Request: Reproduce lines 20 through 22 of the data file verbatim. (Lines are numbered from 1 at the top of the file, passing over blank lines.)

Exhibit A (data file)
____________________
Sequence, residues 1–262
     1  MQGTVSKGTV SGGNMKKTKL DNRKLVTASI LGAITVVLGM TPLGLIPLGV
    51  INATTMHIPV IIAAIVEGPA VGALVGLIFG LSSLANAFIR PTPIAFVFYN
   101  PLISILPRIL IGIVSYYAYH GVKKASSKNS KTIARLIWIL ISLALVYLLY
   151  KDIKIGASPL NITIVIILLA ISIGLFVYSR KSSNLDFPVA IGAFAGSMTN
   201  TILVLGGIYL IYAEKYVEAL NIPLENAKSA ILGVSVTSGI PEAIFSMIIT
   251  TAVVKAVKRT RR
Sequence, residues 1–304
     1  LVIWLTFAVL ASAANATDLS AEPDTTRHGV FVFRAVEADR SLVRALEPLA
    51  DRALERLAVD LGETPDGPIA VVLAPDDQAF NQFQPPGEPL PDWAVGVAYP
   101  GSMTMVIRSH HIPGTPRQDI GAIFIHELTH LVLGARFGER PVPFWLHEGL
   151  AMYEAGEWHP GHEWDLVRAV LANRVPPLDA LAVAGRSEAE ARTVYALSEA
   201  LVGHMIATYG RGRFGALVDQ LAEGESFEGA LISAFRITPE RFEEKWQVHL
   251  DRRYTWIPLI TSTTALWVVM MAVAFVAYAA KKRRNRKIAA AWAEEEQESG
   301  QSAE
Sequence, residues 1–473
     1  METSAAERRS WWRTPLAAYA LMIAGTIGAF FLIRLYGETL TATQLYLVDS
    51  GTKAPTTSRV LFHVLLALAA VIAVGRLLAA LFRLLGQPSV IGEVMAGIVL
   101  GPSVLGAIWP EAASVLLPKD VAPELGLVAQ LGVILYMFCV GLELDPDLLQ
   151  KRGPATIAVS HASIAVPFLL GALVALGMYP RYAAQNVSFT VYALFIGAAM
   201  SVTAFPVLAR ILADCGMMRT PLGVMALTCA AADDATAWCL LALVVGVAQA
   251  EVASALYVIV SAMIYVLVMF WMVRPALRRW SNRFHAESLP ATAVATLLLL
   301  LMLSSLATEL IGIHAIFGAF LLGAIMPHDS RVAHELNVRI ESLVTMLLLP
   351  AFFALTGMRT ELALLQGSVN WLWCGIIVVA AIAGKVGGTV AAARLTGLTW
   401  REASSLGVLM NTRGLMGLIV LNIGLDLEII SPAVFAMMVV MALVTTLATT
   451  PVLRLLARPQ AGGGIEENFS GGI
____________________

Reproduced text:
   151  KRGPATIAVS HASIAVPFLL GALVALGMYP RYAAQNVSFT VYALFIGAAM
   201  SVTAFPVLAR ILADCGMMRT PLGVMALTCA AADDATAWCL LALVVGVAQA
   251  EVASALYVIV SAMIYVLVMF WMVRPALRRW SNRFHAESLP ATAVATLLLL